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Models that predict the flow of rivers and streams are critically important for planning flood control, hydropower, and reservoir operations, as well as for management of fish and wildlife populations. As temperatures and precipitation regimes change globally, the need to improve and develop these models for a wider spatial coverage and higher spatial fidelity becomes more imperative. Currently, one of the biggest impediments to developing robust streamflow knowledge is incomplete understanding of the range of timescales over which water is stored (e.g., in snowpack, soils, and groundwater) in watersheds, as well as the processes and factors that control those storage timescales. This working group will address...
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Geographically Isolated Wetlands (GIWs) occur along gradients of hydrologic and ecological connectivity and isolation, even within wetland types (e.g., forested, emergent marshes) and functional classes (e.g., ephemeral systems, permanent systems, etc.). Within a given watershed, the relative positions of wetlands and open-waters along these gradients influence the type and magnitude of their chemical, physical, and biological effects on downgradient waters. In addition, the ways in which GIWs connect to the broader hydrological landscape, and the effects of such connectivity on downgradient waters, depends largely upon climate, geology, and relief, the heterogeneity of which expands with increasing scale. Developing...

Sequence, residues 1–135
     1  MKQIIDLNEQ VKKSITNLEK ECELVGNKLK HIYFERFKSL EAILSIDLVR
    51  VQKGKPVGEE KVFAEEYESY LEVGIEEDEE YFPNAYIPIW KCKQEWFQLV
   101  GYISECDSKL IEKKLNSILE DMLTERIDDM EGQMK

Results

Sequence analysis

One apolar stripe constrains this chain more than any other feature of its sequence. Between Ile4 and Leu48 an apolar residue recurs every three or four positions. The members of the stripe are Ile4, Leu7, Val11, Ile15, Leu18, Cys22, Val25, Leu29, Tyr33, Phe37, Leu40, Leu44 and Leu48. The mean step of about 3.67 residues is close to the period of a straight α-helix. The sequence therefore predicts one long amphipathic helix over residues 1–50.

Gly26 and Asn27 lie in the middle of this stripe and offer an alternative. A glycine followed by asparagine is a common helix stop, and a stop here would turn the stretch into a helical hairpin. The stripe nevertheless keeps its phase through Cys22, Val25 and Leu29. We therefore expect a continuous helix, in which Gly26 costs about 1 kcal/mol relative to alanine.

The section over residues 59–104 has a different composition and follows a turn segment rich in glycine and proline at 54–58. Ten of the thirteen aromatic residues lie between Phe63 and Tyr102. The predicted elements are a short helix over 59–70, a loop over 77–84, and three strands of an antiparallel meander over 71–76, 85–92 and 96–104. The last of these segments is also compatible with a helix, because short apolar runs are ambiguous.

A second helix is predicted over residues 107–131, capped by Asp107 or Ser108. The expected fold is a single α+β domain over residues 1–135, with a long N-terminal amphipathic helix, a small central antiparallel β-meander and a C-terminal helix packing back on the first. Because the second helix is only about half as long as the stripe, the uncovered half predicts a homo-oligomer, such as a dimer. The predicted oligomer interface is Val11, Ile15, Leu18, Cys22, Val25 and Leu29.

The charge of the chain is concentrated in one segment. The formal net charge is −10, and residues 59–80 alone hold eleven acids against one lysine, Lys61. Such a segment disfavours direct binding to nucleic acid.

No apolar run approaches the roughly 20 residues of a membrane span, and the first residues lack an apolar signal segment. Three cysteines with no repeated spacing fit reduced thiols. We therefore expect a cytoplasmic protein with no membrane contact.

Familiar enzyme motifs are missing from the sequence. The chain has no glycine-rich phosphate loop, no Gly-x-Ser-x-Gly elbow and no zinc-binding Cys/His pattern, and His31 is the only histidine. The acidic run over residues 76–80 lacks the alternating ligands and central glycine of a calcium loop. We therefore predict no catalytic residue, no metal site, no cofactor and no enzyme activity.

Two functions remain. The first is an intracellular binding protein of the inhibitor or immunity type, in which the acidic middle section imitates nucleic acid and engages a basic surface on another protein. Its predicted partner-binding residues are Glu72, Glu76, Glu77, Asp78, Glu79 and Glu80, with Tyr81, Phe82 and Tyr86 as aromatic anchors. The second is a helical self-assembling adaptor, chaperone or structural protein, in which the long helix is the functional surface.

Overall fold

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River ecosystems support a wide diversity of biota, including thousands of fish species, which are variously adapted to the dynamic environments provided by flowing-water habitats. One of the primary ways that human activities diminish the biological capacity of rivers is by altering the natural hydrologic variability of river systems through regulation and diversion of streamflow for other uses. Managers may be able to avoid some of the worst effects of flow management on aquatic biota if we understand the mechanisms by which streamflow components, such as unusually high and low flow events, affect populations (e.g., by influencing recruitment and mortality). Numerous past studies have described correlative associations...